These fixed points in the landscape, provided by the dewal, are connected by pillar-stones that mark the alignment of a network of roads that crossed the region (Fig. 3). These are often (though not always) located in highly visible points, on peaks and ridges, and would almost certainly have functioned as ‘way markers’ for moving through the mountainous environment. Many of the pillars are carved with short inscriptions recording political events (Petech 1980, Regmi 1965), and various sculptures, including seated Buddhas and triangular motifs that may be heavily stylized stupas (cf. Sharma 1997). The inscriptions are carved in three different languages: Sanskrit, Tibetan and Sinjali – the precursor to modern Nepali (Hawkes et al. 2012). This not only further reflects the cultural diversity of the region, but also a conscious political attempt to unite them. The choice of decoration lends further weight to the idea of an overriding Buddhist cosmology in the region, and suggests that the Khasa used Buddhism to both bind the disparate cultural elements of the region and legitimize their rule. That roadside pillars, provided the medium for these agendas, hints at the possibility that movement across the region, including pilgrimage between religious sites, was central to engendering this shared sense of identity.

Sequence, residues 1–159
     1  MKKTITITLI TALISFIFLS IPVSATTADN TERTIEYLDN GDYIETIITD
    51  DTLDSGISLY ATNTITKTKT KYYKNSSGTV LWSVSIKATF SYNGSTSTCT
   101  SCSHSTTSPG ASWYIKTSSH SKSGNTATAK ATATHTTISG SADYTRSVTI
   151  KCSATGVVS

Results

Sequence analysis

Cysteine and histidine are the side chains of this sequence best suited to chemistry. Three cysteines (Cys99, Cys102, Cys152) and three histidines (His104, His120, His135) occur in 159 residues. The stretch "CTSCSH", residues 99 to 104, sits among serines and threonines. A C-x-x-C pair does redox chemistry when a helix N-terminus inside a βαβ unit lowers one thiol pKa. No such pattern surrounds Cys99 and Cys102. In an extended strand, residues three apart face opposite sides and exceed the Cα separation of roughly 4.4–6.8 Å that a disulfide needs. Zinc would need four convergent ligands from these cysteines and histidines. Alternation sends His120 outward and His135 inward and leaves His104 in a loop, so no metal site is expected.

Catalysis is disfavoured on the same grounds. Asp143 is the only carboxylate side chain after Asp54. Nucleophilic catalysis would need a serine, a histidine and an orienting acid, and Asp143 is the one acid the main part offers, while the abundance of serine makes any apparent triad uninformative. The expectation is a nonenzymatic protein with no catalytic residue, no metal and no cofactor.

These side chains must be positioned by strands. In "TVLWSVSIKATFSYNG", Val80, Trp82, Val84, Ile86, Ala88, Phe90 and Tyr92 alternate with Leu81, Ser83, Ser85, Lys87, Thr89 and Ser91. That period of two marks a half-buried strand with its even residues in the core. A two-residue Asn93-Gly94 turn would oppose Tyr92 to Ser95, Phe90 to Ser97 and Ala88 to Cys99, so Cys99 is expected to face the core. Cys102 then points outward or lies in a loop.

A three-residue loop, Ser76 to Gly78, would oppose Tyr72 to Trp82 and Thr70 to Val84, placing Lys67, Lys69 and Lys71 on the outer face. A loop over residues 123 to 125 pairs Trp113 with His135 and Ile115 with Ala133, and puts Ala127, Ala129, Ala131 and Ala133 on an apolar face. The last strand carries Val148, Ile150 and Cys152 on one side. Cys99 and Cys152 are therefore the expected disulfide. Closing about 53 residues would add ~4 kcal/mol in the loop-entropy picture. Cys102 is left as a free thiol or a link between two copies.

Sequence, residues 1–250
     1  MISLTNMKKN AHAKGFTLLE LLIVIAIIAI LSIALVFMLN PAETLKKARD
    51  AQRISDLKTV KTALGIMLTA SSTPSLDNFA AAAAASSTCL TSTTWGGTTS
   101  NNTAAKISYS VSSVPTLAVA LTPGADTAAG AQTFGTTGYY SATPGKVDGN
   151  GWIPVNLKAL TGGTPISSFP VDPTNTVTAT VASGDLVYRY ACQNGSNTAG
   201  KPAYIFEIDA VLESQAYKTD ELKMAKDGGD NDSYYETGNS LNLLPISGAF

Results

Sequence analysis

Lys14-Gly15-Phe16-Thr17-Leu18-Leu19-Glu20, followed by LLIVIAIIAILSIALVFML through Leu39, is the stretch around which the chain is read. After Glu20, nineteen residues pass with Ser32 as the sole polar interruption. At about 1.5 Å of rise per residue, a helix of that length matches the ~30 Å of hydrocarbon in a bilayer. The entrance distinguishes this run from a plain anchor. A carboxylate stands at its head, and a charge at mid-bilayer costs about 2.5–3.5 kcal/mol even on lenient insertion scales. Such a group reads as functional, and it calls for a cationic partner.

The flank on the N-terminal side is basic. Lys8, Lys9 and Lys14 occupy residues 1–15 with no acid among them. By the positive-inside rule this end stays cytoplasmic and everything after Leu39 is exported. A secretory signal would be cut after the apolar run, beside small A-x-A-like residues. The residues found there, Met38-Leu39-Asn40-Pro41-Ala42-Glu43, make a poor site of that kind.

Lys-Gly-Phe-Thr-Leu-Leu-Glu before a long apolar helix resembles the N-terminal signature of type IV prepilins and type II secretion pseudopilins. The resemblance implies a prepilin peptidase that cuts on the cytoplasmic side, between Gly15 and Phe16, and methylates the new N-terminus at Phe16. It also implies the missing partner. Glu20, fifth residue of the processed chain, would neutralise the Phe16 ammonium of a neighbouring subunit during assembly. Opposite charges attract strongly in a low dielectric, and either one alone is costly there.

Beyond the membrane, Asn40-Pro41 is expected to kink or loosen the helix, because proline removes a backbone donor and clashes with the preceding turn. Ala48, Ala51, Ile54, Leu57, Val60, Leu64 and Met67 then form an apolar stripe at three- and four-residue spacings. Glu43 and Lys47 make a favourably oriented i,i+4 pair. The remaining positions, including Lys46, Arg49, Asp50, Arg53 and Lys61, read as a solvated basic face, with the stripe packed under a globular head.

Recent research has involved the survey and documentation of over 250 of these monuments (C. Harward 2014; Hawkes 2010, 2011; Hawkes et al. 2012). Much work still remains to be done, not least regarding the religious affiliation and use of these dewal, and the societal framework in which they existed. Yet, it is clear that these monuments provide an important corpus for the archaeological study of pilgrimage, not only in West Nepal, but also in the past generally. In other places and periods, we have a reasonably good understanding of the belief-systems of pilgrims, their urban contexts, and associated economic and socio-political dynamics. Beyond this, other aspects of pilgrimage, such as the movement of pilgrims across the landscape – the act of pilgrimage itself – are essentially intangible and can only be inferred. In West Nepal, we are presented with an archaeological, geographical and historical context in which many of the ‘signatures’ of pilgrimage, often taken for granted, do not exist. For instance, due to the specifics of the Himalayan environment, which does not allow for archaeological sites to form in quite the same way, we do not have any settlements to excavate, and so are unable to speak of the urban contexts of pilgrimage. Instead, we have a unique body of evidence that enables us to identify: the precise alignment of the routes across the Himalayas; relationships between pilgrimage and the state; and the creation of a distinct regional identity manifest in both architecture and language. The region and its remains thus have great potential to broaden understanding of pilgrimage, those who were involved in it, and how it was negotiated.